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SEDSat 1 (SO 33, OSCAR 33)

SEDSat [NASA]

SEDSat 1 (Students for the Exploration & Development of Space - Satellite) is an american microsatellite. It was to obtain images of the Earth and distribute them through the Internet from the University of Alabama in Huntsville. It also served as a relay for amateur radio communications.

The 34 kg satellite was built on a 32.13 cm × 32.13 cm × 35.43 cm structure. Originally it was to be deployed via a SEDS tether system (similar to SEDS 1, 2) from the Shuttle under the name SEDS-3, but due to concerns with using the tether system with the Shuttle, the mission was first redesigned for a tetherless deployment from the Shuttle and then for a deployment from a Delta stage 2.

SEDSat featured following equipment:

  • Imaging camera (SEDS Earth Atmospheric and Space Imaging System [SEASIS],) Visible light camera with 10, 7 and 10 nanometer filters for measuring atmospheric extinction coefficients. Resolution was 60 m in telephoto mode and 10 kg in panorama mode.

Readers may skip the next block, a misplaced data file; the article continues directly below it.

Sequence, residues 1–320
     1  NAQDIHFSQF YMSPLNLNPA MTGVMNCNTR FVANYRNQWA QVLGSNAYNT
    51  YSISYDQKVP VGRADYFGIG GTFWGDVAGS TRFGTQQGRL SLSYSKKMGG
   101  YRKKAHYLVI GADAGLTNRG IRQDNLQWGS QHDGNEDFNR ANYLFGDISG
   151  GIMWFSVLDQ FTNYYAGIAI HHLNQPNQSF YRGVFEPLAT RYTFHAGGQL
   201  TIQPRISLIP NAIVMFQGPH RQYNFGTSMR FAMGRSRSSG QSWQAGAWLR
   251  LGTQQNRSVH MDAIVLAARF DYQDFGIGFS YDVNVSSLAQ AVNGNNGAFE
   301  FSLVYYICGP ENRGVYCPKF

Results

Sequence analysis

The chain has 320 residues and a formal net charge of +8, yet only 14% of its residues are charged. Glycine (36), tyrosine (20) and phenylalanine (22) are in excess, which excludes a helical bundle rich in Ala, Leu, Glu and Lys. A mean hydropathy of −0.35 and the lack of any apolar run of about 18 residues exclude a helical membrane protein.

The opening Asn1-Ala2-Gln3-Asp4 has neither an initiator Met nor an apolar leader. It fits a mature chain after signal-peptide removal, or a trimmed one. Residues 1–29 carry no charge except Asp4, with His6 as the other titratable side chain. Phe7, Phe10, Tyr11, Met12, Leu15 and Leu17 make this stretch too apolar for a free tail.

• Mode L (13 cm uplink, 70 cm downlink digital packet UoSat compatible)
  • Mode A (2 meter uplink, 10 meter downlink, analog SSB 70 Khz transponder)

SEDSat 1 was launched as a piggy back payload mounted on stage 2 of a three stage Delta-7326 launch vehicle, which sent the Deep Space 1 (DS 1) space probe into a solar orbit. SEDSat 1 suffered from problems in the power system, causing both the imaging payloads and the amateur radio transponders never becoming operational. Only some telemetry was received. It was designed with a lifetime of five years, but was still semi operational in 2013.

Nation: USA
Type / Application: Technology
Operator: SEDS
Contractors: SEDS
Equipment: SEASIS
Configuration: 32.13 cm × 32.13 cm × 35.43 cm structure
Propulsion: ?
Power: Solar cells, batteries
Lifetime: 5 years (design)
Mass: 34 kg
Orbit: 547 km × 1079 km, 31.4
Satellite COSPAR Date LS Launch Vehicle Remarks
SEDSat (SO 33, OSCAR 33) 1998-061B 24.10.1998 CC SLC-17A Delta-7326 with DS 1

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